• Jonathan Brannan

WHY ARE MLB PLAYERS PAID SO MUCH?

Updated: Jun 2, 2020

This article was originally published on October 24th, 2018.

Yesterday was Game 1 of the World Series, between the Boston Red Sox and the Los Angeles Dodgers.


The unlikely hero of Game 1 was Boston’s Eduardo Núñez (@EduardoNunez), after he fired a three-run homer into the first row of seats atop the Green Monster, in the seventh inning. Turning a narrow 5-4 Red Sox lead into a comfortable 8-4 margin.


For the 2018 season, the Red Sox are set to pay out $233 million in player salaries. The MLB has more players making $10+ million a year, than any other league around the world. 1 out of every 6 MLB players, made at least $10 million this season, that is more than the other three major American sports leagues combined.


So, why are MLB players paid so much?

America's Past Time


Since the formation of the National Association of Base Ball Players, in 1858. The sport of baseball has spread around the country, helped by a boom after the civil war.


The sport would continue to grow in popularity in the early 20th century. Giving the sporting word, legends such as Jackie Robinson, Babe Ruth, and Lou Gehrig.

Recently, however, baseball has hit its lowest popularity rating ever. It now ranks as the third most popular sport in the U.S., behind football and basketball. Only 9% of Americans class baseball as their favorite sport, this puts it just above Soccer with 7%. There is a big chance that we could see baseball continue to decline in popularity.


Despite baseball's decline in popularity, baseball players are continuing to make more money than ever. Star players in the MLB are seeing the best contracts and salaries than other sports leagues.


The Dodgers' Clayton Kershaw (@ClaytonKersh22) is currently the highest earner in the MLB, with an annual salary of $35.57 million.

Clayton Kershaw is the highest paid MLB player. Credit: bleacherreport.com

Contracts


There are generally two kinds of contracts in professional sports. These being rookie and veteran contracts.


Rookie contracts are for players in their first 3 years in the MLB. Teams will often choose to pay most rookies, the minimum required salary.


From a player's perspective, there is little bargaining power, on rookie contracts. This is due to the limited opportunities that players have because of the free agency rule. Players are not eligible to talk with rival teams until their seventh MLB season. However, once a player has played through their rookie contracts, free agency opens the door for a player to sign a veteran contract. This swings the power of contract negotiations back in favor of the player, where he can not pick from a variety of offers from multiple teams.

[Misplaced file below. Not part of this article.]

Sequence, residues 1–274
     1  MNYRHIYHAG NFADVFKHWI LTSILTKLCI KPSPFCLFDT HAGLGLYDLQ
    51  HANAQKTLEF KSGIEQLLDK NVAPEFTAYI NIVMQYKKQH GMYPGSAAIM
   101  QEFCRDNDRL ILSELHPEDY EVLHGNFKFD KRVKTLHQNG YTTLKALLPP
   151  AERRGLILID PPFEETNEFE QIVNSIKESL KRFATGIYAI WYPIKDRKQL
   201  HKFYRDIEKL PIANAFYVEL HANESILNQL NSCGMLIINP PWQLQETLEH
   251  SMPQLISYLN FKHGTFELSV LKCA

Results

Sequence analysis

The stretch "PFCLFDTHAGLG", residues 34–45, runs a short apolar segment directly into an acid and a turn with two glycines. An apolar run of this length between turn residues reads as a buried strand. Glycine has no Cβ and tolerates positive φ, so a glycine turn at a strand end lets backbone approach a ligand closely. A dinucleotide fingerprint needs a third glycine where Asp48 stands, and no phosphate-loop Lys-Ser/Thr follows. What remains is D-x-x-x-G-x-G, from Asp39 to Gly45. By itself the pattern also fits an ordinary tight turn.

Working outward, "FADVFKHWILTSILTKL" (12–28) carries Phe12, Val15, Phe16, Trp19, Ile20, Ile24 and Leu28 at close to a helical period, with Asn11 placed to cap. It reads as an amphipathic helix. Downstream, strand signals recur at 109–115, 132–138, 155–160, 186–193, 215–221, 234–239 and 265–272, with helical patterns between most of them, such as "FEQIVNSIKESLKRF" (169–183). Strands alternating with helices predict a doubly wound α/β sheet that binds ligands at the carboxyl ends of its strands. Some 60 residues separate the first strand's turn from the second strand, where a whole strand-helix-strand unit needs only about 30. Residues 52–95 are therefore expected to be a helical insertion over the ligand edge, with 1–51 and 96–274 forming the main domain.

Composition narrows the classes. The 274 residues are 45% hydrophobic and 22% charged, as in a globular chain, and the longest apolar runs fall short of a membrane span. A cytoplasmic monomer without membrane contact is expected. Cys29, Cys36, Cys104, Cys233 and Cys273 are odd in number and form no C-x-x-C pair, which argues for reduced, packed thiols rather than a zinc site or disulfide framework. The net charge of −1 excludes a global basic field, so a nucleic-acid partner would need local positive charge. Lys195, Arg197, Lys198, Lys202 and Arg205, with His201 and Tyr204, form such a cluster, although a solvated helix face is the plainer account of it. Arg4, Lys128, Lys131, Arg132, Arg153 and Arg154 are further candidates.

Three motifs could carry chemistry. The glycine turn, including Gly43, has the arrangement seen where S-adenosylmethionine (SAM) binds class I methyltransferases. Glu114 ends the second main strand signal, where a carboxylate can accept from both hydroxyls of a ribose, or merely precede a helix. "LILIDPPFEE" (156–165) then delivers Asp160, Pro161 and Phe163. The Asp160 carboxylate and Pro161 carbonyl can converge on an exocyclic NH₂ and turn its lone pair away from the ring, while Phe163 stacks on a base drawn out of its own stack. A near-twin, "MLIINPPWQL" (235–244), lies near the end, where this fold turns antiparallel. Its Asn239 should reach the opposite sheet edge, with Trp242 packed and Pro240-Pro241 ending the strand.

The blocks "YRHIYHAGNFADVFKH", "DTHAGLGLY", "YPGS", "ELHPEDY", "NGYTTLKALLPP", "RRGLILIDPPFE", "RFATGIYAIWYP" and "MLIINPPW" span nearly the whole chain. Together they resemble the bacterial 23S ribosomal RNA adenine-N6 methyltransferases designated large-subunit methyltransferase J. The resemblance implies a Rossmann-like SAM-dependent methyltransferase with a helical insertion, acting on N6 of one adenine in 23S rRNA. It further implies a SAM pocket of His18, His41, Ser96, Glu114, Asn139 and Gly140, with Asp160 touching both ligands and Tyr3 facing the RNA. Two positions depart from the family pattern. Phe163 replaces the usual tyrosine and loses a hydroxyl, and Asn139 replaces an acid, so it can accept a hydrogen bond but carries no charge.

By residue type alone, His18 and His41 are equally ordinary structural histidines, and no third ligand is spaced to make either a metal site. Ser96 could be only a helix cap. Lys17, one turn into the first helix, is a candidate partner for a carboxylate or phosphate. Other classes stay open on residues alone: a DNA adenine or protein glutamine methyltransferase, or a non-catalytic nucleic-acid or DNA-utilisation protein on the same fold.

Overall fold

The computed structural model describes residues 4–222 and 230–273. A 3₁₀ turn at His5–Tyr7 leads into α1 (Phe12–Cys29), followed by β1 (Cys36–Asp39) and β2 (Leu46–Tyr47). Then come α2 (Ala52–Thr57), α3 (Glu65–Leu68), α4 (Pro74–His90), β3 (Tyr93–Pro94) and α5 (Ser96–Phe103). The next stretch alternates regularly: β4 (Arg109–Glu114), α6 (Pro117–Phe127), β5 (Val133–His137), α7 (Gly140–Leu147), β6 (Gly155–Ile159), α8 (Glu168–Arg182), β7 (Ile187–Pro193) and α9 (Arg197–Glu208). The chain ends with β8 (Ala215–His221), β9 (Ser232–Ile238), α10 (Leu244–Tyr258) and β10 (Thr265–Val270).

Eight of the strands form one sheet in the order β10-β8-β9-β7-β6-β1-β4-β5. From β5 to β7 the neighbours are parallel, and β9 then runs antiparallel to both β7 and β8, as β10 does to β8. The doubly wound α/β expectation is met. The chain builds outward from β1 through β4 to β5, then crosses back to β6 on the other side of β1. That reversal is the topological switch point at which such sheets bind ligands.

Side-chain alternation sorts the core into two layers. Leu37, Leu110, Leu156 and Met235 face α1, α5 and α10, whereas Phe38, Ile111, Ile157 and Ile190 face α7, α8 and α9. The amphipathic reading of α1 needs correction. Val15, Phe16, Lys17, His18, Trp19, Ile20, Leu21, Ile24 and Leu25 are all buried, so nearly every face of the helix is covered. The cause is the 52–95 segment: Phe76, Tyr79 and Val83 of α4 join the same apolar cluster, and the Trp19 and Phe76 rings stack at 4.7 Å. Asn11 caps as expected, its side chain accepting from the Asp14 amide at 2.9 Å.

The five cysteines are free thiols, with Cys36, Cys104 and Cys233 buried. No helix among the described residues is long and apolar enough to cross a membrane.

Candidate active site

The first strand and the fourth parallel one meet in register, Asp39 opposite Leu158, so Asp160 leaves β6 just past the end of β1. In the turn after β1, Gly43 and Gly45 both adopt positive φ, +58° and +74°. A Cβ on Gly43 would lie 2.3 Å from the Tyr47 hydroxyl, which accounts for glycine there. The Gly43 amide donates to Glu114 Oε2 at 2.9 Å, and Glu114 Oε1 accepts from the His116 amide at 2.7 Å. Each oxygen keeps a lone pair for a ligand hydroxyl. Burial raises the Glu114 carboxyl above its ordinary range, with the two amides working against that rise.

MLB players have one more ace up their sleeve, fully-guaranteed contract. This means that a player will receive the full compensation agreed on in their contract, no matter how they perform over the course of the deal. Even if a player is traded, the deal ensures that they will still be paid by their new team, for the rest of the contract.


The MLB's legendary union, the MLBPA, was key in developing the fully-guaranteed contract for their players. The MLBPA progress under legendary director Marvin Miller paved the way for the beneficial contracts. Miller raised the minimum salaries for players from $19,000 to $326,000. While establishing the union’s right to collective bargaining agreements. Which in return established the guaranteed contracts and ushered in free agency.


An example of the fully-guaranteed contract working in favor of an athlete comes from 2013. When the San Diego Padres signed pitcher Josh Johnson after he left the Toronto Blue Jays. The Padres agreed a one year contract with Johnson, for $8 million. Despite not throwing one single pitch over the 2014 season, Johnson still received the full $8 million.


If we compare MLB contracts to NFL contracts, the key difference is that NFL contracts are not generally guaranteed. That means that if a player picks up an injury, outside of football, their contract could be voided. Team owners can choose to renegotiate contracts if a player's performance is poor. This is all due to the limited guarantee in NFL contracts.


This can be seen when you look at six-time Pro Bowler, Donovan McNabb's (@donovanjmcnabb) 2010 contract extension. In November 2010, McNabb signed a contract worth $78 million over 5 years. With a reported incentive package that could push the compensation to $88 million. However, after the 2010 season ended, McNabb never managed to collect a single penny from that contract.


McNabb's deal with the Redskins was later revealed. It turned out that nothing beyond the current season 2010 was guaranteed. Washington had arranged a team option, on the five remaining years of the contract. Which they chose not to use, instead they traded him to the Vikings the following summer.


The Vikings would choose to waive on resigning McNabb, living him without a team. Whatever money he was set to receive from the original $78 million deal was simply voided, as if it had never existed.


There is nothing preventing an NFL agent from negotiating a fully guaranteed contract. However, this rarely happens. Taking nearly a century for the NFL to have its first multi-year fully-guaranteed contract. This honor goes to Minnesota Vikings quarterback Kirk Cousins (@KirkCousins8). His $84 million contract is fully guaranteed, no matter his performance.